In a landmark civil rights case, the U.S. Supreme Court today struck down the portion of the Defense of Marriage Act (“DOMA”) that denied federal benefits to legally married same-sex couples. Besides having tremendous symbolic significance as a victory for liberty and equality, the case will have a major impact on various employment laws, particularly the Family and Medical Leave Act (“FMLA”) . . . just not in Ohio.
The terms “marriage” and “spouse” appear in approximately 1,000 different federal laws, affecting everything from criminal prosecutions to taxes to the workplace. Enacted by Congress in 1996, DOMA specified that, for purposes of all federal laws, “marriage” and “spouse” mean only opposite-sex couples. Same-sex couples were specifically excluded, with Congress explicitly stating its “moral disapproval of homosexuality.” In today’s decision, United States v. Windsor, the Supreme Court struck down this section of DOMA. The Court explained that DOMA’s denial of federal benefits to lawfully married same-sex couples was “designed to injure” those couples, and thus deprived them of their rights to “liberty” and “equal protection” of law guaranteed by the Fifth and Fourteenth Amendments respectively.
Among the many laws affected by the Court’s decision in Windsor is the Family and Medical Leave Act. The FMLA provides eligible employees up to twelve weeks of unpaid, job-protected leave in a variety of circumstances, one of which is “to care for the employee’s spouse . . . with a serious health condition.” At first glance, this would lead one to believe same-sex couples are now entitled to the protections of the FMLA. Historic though today’s decision is, there is a crucial limitation on its scope that affects the rights of same-sex couples in Ohio.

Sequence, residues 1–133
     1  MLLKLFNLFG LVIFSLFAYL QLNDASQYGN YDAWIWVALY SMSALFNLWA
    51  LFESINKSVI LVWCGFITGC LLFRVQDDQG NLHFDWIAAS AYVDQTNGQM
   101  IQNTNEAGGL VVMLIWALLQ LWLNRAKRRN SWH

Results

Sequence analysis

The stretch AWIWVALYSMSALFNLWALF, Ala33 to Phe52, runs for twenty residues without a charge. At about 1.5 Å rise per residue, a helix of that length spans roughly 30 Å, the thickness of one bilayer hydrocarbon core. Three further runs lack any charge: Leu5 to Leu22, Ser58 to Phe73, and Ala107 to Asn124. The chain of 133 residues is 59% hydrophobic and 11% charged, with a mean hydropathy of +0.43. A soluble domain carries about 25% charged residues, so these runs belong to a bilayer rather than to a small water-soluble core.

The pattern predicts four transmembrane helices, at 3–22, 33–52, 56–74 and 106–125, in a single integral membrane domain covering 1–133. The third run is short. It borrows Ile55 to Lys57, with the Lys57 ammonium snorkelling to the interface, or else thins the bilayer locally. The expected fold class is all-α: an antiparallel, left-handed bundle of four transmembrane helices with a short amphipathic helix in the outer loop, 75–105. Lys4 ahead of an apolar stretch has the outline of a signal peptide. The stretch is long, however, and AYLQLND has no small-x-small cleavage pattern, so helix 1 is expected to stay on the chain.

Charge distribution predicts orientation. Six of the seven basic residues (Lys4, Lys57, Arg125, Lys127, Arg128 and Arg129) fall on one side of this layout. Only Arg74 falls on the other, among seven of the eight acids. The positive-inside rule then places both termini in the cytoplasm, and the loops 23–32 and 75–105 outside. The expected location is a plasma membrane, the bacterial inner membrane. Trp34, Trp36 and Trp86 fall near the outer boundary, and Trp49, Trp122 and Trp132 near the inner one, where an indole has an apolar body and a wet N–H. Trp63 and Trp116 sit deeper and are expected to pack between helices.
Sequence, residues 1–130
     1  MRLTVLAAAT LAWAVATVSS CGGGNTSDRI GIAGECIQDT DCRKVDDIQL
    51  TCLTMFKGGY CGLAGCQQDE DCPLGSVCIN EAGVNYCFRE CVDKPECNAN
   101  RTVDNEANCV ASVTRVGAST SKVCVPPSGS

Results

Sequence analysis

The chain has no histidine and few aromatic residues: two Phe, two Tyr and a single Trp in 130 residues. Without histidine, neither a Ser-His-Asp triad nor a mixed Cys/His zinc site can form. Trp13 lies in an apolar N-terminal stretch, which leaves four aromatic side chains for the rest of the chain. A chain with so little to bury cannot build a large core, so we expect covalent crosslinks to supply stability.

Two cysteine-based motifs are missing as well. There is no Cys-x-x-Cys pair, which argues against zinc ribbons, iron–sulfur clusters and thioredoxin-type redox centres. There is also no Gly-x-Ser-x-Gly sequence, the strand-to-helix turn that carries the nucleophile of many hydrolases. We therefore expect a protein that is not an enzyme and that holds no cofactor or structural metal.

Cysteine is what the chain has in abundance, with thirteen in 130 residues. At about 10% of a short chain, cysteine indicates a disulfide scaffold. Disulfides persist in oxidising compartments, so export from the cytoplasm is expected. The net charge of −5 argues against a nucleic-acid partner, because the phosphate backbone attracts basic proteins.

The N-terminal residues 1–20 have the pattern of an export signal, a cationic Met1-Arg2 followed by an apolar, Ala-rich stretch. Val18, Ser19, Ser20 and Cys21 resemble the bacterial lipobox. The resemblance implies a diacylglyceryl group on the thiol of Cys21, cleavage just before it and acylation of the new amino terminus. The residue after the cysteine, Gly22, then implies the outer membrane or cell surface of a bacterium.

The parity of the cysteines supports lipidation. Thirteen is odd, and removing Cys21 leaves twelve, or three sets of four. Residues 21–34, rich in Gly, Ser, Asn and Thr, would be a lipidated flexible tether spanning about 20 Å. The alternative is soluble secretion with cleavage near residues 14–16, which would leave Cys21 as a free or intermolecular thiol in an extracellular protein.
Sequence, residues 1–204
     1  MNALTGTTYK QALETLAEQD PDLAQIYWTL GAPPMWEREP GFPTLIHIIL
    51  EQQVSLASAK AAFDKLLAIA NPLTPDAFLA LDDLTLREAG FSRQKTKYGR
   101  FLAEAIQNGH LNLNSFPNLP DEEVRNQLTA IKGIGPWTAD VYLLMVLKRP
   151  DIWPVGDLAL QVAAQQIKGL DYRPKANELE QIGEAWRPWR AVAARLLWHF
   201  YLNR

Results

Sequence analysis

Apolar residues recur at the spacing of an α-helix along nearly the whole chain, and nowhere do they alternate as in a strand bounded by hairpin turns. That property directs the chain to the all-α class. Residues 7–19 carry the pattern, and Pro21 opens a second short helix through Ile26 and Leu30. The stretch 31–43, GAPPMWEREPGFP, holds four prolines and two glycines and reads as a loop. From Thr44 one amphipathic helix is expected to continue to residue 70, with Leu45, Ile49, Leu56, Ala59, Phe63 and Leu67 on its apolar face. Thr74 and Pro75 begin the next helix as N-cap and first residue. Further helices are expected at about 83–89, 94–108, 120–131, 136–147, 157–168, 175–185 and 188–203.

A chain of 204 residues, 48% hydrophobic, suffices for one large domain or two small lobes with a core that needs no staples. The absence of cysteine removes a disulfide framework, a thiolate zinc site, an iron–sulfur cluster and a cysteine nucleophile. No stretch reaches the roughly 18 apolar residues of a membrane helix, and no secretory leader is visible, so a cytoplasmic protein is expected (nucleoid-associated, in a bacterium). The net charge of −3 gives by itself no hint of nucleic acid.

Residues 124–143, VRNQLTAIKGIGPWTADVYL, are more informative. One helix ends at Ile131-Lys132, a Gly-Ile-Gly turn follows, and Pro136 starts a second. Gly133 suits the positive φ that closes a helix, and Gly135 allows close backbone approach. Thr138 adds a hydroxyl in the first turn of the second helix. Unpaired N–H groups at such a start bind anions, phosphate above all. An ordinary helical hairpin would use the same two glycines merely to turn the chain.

Because of another section of DOMA not at issue in Windsor, the decision applies only to those same-sex couples who are (or become) married under their respective States’ marriage laws. Currently, twelve States and the District of Columbia recognize same-sex marriage. Ohio is not one of them. As a result, same-sex couples in Ohio are likely not entitled to the protection of the FMLA’s “spouse” provision. Similarly, same-sex couples who were lawfully married in another State and then moved to Ohio might fair no better. That is so because the FMLA defines “spouse” based on “State law for purposes of marriage in the State where the employee resides.” Although not entirely clear, LGBT employees who reside in Ohio, even if legally married in a different State, would apparently not meet this definition. So for the time being, the benefits of Windsor will not reach same-sex couples in Ohio, at least as far as the FMLA is concerned. But it’s probably only a matter of time.